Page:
Where have the rains gone?

No chants, no prayers, no marriage of frogs can bring back the bygone days

Updated - May 26, 2021 07:44 am IST

Published - July 07, 2019 12:05 am IST

Illustration: Sreejith R. Kumar

Illustration: Sreejith R. Kumar

In India, rains have traditionally been an integral part of life. Our economy, history and culture have been regularly swept by periodic episodes of rain and flood, as also drought. The monsoon patterns have determined to a large extent our planning, leisure events and celebrations.

Sitting on the balcony and enjoying the drizzle outside, I kept wondering how unpredictable rains today have become. Even towards the end of June, we were still awaiting the ‘burst’ of monsoon that we had all read in geography lessons as happening at the beginning of June in my part of the country.

The rainy season used to be so predictable even just 10 to 15 years ago. Our parents and grandparents could even predict different rain episodes, each with a different name. In the present day, even with so much advancement in technology and the study of phenomena that are spread across the world, such as El Nino and La Nina, the predictions are often going awry.

The months of June and July used to be months of intense rain in several regions. The monsoon would spread its force all around us and we would limit our activities indoors. Our hostel dormitories would look nothing less than wet bathrooms. Our clothes would never dry and the house entrances would get flooded with water. There was no way we could escape getting wet whenever we ventured outside even briefly.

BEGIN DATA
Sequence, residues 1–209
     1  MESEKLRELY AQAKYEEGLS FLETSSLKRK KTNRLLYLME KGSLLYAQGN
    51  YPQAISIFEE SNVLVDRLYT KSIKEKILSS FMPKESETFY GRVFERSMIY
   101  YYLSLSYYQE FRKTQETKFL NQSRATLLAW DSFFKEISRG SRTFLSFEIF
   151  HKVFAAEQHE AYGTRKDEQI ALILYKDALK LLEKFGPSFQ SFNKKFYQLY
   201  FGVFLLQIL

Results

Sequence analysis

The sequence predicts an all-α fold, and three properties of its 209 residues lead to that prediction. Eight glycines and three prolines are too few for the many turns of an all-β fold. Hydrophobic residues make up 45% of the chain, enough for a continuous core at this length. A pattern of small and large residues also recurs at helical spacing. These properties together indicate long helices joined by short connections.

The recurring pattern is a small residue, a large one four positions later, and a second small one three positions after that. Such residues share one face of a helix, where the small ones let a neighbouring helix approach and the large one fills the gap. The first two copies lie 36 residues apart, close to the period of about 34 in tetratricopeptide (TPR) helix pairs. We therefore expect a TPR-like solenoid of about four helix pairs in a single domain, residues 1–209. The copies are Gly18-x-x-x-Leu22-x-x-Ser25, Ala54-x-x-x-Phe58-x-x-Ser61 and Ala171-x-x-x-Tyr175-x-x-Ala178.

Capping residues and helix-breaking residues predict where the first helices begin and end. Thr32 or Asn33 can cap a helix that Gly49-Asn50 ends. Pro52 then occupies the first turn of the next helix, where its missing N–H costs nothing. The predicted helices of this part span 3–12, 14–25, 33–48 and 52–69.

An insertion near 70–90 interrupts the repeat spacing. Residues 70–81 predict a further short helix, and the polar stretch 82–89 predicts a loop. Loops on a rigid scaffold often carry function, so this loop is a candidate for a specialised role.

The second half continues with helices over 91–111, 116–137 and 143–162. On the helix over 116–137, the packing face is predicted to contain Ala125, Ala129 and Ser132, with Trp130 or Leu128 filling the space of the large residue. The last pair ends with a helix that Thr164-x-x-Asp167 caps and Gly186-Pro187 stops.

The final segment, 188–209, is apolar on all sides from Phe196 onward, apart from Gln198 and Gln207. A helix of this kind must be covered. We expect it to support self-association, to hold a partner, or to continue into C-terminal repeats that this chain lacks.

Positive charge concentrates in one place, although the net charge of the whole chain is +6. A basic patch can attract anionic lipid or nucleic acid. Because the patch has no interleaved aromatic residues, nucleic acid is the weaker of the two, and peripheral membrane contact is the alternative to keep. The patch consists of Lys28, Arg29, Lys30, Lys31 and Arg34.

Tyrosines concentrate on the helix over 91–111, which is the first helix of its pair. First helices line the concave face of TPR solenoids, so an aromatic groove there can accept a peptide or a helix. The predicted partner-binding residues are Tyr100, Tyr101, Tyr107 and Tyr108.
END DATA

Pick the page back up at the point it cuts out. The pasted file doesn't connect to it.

Usually, rain made sure there was no play-time in the evening hours. Sometimes, football was the only game where rain was welcome. The thrill of playing football in the rain was something to remember and cherish.

We would walk to the hostel dining hall, two to three squeezed under an umbrella, wet and shivering. Snails and millipedes were our regular visitors. The only consolation was a brief forced holiday for our physical education teacher; he would not come and wake us up at 5-30 for jogging and exercise sessions.

The entire ambience would change, and the town would be nearly deserted when it rained, and it would be the ‘calm after the storm’ once it stopped. The dripping drops from the trees, the gurgling sound in the drains, and the ground with multiple mini-lakes, made a return to normal difficult for quite some time.

But nevertheless, I feel nostalgic when I remember those rainy days. It had its moments. That cozy sleep under the blanket, the love of walking in the rain under an umbrella, the happiness of playing in the rain, the sipping of hot coffee and homemade jackfruit chips, were all enthralling enough.

It’s scary that within a span of ten years we are seeing so much of climate change. The intensity of the rain we saw once is no more there. Either there is a shortfall, or there is a flood affecting millions of lives.

Our dreams for a better life have turned into greed for more and it has ended up disrupting the very livelihood of our own people. No chants, no prayers, no marriage of frogs can bring back the bygone days of plenty.

We may well be descending to our doom, not waking up from the sleep of ignorance, assuming that climate change is a myth!


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